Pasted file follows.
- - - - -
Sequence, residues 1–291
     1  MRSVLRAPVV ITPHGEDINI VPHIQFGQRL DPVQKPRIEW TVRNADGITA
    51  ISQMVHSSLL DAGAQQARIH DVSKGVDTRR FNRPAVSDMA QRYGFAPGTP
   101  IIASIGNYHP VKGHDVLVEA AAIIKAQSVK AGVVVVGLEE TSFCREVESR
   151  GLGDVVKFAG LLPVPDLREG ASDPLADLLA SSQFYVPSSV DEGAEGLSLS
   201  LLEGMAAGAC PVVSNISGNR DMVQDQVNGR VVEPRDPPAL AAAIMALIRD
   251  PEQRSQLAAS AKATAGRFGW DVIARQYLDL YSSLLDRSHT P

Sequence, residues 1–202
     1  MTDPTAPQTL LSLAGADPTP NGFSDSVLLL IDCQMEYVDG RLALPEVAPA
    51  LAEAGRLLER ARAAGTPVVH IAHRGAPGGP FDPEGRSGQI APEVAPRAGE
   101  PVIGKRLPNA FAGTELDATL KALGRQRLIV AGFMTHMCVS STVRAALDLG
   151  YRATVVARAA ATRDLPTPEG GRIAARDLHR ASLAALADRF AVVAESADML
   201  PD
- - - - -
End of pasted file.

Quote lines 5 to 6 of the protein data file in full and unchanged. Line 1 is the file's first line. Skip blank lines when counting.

   151  GLGDVVKFAG LLPVPDLREG ASDPLADLLA SSQFYVPSSV DEGAEGLSLS
   201  LLEGMAAGAC PVVSNISGNR DMVQDQVNGR VVEPRDPPAL AAAIMALIRD